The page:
Saturday, 7 January 2012

Unary Operators

‘C’ includes a class of operators that act upon a single operand to produce a new value. Such operators are known as unary operators.
Unary operators usually precedes their single operands, though some unary operators are written after their operands.

The most common unary operator is unary minus, where a minus sign precedes a numerical constant, a variable or an expression.
-5,-10, -20(numbers)

Of all the arithmetic operators, the unary minus has the highest precedence level. Thus in an expression such as
y=x+z* -b;
evaluation commences with the unary minus, which negates the value of b. Then z is multiplied by –b, and finally the addition takes place.

Two other commonly used unary operators are increment operator, ++, & the decrement operator - -. 
The increment operator causes its operand to increased by one, whereas the decrement operator causes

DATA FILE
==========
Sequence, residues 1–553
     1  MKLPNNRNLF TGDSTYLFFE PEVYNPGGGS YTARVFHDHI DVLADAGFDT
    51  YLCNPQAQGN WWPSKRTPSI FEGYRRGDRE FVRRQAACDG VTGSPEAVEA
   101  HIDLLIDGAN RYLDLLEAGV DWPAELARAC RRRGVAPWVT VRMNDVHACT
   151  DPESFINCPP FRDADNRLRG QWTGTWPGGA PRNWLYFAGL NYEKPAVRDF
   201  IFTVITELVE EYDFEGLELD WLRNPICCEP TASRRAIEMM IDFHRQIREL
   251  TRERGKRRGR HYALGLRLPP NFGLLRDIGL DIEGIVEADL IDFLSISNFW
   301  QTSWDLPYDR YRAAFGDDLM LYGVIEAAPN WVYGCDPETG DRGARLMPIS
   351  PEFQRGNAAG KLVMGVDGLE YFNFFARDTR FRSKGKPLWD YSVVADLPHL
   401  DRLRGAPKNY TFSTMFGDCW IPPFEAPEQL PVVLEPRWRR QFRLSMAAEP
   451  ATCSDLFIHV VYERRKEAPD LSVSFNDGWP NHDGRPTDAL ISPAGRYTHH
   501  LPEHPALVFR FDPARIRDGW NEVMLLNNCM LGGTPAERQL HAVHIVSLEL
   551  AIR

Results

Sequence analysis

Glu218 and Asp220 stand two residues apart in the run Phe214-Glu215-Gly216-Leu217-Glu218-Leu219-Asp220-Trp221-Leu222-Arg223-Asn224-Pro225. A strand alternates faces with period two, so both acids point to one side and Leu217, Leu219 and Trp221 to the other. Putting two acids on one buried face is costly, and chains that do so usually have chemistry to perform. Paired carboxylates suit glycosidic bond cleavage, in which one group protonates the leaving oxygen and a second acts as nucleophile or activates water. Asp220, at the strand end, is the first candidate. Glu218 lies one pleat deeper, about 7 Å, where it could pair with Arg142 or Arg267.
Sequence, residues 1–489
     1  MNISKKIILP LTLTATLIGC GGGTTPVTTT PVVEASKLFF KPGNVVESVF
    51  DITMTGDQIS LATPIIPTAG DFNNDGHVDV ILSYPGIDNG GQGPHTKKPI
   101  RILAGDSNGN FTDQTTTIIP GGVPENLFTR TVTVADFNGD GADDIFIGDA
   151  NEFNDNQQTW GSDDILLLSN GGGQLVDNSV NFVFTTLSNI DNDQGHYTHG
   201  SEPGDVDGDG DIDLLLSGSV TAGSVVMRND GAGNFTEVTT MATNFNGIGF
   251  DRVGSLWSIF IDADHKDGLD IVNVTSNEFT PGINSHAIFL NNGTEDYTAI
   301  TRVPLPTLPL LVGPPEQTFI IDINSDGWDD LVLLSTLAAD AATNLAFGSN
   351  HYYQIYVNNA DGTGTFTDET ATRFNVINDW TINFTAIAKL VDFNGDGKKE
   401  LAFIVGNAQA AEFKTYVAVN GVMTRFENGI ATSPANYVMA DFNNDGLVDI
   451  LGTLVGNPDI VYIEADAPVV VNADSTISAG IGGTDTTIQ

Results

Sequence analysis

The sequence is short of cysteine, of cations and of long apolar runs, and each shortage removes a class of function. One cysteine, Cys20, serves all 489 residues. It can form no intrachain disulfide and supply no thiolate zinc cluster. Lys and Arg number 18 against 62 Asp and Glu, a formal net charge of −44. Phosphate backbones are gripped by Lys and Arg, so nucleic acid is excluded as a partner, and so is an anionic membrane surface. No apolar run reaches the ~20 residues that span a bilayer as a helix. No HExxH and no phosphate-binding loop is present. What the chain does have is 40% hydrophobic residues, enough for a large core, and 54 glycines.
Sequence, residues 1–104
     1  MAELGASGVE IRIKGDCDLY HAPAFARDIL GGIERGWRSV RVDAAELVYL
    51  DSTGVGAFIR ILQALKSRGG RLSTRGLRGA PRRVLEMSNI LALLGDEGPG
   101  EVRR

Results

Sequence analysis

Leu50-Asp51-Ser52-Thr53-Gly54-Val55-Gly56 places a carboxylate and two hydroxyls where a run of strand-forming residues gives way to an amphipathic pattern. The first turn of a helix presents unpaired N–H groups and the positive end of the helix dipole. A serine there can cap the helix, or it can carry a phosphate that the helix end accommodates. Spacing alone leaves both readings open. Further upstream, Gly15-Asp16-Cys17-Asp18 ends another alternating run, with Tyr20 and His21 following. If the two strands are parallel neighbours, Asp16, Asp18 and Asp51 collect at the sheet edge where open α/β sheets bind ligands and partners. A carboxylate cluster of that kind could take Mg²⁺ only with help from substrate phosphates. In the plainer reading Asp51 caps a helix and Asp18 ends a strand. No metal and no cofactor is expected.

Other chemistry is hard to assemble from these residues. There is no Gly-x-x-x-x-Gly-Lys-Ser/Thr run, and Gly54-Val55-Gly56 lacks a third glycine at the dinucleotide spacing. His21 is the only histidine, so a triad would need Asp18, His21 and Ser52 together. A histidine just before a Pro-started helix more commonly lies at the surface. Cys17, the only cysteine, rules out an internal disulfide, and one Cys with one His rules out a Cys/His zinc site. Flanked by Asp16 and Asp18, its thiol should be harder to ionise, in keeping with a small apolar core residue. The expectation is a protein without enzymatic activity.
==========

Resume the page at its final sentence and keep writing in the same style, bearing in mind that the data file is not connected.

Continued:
its operand to be decreased by one. 
The operand used with each of these operators must be a single variable.
For example, x is an integer variable that has been assigned a value of 10. The expression ++ x, which is equivalent to writing x= x+1, causes the value of x to be creased to 11. 
Similarly the expression --x, which is equivalent to x=x-1, causes the original value of x to be decreased to 9.

The increment and decrement operators can each be utilized in two different ways, depending on whether the operator is written before or after the operand.
Another unary operator is the sizeof operator . This operator returns the size of its operand, in bytes. This operator always precedes its operand. The operand may be an expression, or it may be a cast.
sizeof (x);
sizeof (y);

If x is of integer type variable and y is of floating point variable then
the result in bytes is 2 for integer type and 4 for floating point

No comments:

Post a Comment

host gator coupon